Book Review: The Throne of Bones by Brian McNaughton

A masterwork of ultra-dark fantasy.

The Throne of Bones is a collection of stories all sharing the same history and mythos. The core of the collection – the titular Throne of Bones itself – is a series of interwoven tales revolving around the figure of the ghoul. Though ghouls have haunted western literature ever since the translation of the Arabian Nights into English, appearing in the works of Beckford, Poe, and Lovecraft among others, McNaughton does more to flesh them out than perhaps any other author, exploring their strengths and weaknesses, their hungers and lusts, their peculiar powers, and even the various theories that try – and fail – to explain their existence. The result is a literary treatment of ghouls and ghoulishness so exquisitely rich that it makes other representations look pallid in comparison.

McNaughton’s development of a unique ghoul mythos is only one example of his worldbuilding skills, which are nothing less than awe-inspiring. Throne of Bones provides a cohesive vision of a world of sumptuous decadence, inexorable ignorance, and casual cruelty, where life is cheap and sinister clans of aristocrats lord it over those of less fortunate rank. In its aesthetics and mood it recalls the baroque decadence of Clark Ashton Smith’s Zothique and Averoigne stories, and it is not surprising to find that CAS was a formative influence on McNaughton. Nevertheless, McNaughton’s creation is his own, as is his voice, gleefully nihilistic and full of black humor.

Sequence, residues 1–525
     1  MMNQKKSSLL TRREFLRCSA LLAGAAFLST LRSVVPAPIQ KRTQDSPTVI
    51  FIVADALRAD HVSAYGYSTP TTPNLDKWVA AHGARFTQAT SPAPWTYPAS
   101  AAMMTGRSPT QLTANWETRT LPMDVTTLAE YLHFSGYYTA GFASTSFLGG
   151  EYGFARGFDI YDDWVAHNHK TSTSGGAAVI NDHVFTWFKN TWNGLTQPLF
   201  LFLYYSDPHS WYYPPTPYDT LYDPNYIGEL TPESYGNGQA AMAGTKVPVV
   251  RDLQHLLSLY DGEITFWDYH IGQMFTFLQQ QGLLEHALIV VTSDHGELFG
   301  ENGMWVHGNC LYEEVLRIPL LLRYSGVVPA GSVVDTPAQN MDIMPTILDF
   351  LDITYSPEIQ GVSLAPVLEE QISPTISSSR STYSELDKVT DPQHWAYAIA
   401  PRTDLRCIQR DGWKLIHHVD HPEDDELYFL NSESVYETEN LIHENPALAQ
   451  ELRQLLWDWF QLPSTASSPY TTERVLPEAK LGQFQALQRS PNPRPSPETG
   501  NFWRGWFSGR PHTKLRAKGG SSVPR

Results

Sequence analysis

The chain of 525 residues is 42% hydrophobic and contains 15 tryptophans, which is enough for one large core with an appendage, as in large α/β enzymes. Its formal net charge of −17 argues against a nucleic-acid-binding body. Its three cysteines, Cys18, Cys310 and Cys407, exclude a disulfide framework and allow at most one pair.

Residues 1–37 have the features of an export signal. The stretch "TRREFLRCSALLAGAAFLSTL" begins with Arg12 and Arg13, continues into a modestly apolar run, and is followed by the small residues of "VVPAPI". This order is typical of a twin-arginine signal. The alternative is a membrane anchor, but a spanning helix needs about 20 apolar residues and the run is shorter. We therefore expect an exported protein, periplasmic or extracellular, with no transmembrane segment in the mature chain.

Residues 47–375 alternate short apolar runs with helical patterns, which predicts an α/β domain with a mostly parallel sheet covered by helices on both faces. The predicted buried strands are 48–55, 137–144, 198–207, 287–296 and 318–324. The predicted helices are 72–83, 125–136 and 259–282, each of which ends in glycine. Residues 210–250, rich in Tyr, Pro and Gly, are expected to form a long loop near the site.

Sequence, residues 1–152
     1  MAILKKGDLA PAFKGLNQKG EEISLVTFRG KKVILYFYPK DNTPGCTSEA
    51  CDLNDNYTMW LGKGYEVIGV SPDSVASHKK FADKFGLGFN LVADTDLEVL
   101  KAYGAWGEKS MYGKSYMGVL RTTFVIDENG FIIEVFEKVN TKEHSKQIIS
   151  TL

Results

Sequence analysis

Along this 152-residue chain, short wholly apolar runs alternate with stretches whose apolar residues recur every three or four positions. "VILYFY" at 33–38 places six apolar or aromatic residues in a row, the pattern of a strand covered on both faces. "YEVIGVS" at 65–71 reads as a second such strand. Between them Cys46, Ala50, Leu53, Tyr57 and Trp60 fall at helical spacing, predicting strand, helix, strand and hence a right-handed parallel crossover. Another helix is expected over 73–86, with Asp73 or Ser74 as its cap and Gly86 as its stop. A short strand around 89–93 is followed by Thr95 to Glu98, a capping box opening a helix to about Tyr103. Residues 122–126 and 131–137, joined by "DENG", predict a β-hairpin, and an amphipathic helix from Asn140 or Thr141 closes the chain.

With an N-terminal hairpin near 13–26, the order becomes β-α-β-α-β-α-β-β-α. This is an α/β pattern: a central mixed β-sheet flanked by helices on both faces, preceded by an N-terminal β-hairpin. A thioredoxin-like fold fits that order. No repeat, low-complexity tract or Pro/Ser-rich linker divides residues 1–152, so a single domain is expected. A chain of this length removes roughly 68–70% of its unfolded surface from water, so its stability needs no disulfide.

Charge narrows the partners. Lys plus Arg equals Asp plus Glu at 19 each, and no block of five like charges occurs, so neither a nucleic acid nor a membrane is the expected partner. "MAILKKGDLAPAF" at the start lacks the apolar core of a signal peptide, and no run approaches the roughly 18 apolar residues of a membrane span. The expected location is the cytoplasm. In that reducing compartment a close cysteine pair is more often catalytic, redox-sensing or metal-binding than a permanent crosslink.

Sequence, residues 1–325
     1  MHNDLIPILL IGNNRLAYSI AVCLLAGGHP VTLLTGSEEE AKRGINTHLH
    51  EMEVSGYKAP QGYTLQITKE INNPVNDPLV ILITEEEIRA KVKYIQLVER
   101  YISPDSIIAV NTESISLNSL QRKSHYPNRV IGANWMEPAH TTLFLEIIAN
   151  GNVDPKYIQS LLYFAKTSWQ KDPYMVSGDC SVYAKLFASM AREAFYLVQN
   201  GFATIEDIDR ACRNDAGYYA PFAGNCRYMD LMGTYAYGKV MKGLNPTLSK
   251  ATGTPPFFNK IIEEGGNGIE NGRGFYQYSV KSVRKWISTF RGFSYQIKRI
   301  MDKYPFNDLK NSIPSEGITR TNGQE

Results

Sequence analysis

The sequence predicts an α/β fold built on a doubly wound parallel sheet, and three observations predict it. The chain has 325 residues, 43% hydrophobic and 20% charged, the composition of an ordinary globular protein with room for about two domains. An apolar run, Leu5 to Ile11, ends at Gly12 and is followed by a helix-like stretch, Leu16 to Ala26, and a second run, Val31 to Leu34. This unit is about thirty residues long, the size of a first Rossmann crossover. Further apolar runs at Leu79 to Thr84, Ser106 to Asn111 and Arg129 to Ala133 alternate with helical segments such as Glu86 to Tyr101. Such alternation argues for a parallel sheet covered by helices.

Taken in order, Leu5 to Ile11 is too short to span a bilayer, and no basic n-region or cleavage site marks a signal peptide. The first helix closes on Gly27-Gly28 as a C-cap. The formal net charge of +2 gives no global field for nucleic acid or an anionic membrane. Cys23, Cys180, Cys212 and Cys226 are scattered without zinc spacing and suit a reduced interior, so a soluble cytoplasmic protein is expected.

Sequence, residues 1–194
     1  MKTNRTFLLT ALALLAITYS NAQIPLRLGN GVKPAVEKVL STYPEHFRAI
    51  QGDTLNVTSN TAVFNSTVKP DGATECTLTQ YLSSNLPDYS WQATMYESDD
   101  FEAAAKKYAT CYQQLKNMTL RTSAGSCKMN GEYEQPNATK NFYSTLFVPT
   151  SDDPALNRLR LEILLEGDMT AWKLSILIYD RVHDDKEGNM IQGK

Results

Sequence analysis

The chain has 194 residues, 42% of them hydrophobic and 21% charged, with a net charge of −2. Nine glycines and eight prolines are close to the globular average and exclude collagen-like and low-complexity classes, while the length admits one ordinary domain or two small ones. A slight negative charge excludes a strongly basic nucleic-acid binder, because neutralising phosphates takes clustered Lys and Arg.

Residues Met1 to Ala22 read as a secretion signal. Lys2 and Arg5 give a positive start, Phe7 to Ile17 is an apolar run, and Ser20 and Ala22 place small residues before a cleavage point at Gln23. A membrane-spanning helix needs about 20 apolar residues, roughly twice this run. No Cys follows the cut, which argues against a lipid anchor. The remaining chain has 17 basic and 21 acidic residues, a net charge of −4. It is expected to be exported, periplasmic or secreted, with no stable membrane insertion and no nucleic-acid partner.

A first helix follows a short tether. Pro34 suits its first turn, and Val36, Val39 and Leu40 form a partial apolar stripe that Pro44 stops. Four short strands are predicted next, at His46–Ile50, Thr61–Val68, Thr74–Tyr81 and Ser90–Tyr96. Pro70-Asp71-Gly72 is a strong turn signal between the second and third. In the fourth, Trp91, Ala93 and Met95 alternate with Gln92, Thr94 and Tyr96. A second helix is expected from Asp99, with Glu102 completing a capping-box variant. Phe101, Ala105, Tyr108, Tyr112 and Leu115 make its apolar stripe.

The stories themselves are extremely horrific, teeming with visceral and psychological terrors. This is the darkest of dark fantasy – macabre, grotesque, and devoid of any sense of tiresome generic decorum. McNaughton takes you to horrible places with no apologies given. Here we have a rancid world overflowing with necromancy, necrophilia, incest, rape, slavery, cannibalism, and a whole host of unique horrors of McNaughton’s own devising. His unfortunate characters are thrust into fates so twisted and blackly ironic they make Oedipus Rex look like The Truman Show.

McNaughton’s prose is exquisite, his dialogue witty and rich, his characters distinctive and vivid. In terms of genre, this work is almost unique, blending the gothic, the weird, the grotesque, the fantastical, and the mythical into a rich and intoxicating blend the likes of which is very seldom seen. McNaughton has taken the weird and gothic threads of his literary forebears – Beckford, HPL, CAS, REH, Machen, E. R. Eddison, etc. – and added elements of horror so graphic and gleefully obscence one is tempted to label these stories “splatter fantasy.”

It’s hardly possible to praise this work enough. It’s ingenious, pure and simple. Reading these tales, I found myself shocked that McNaughton has not become a household name in the realm of horror, nor even a particularly well-known one.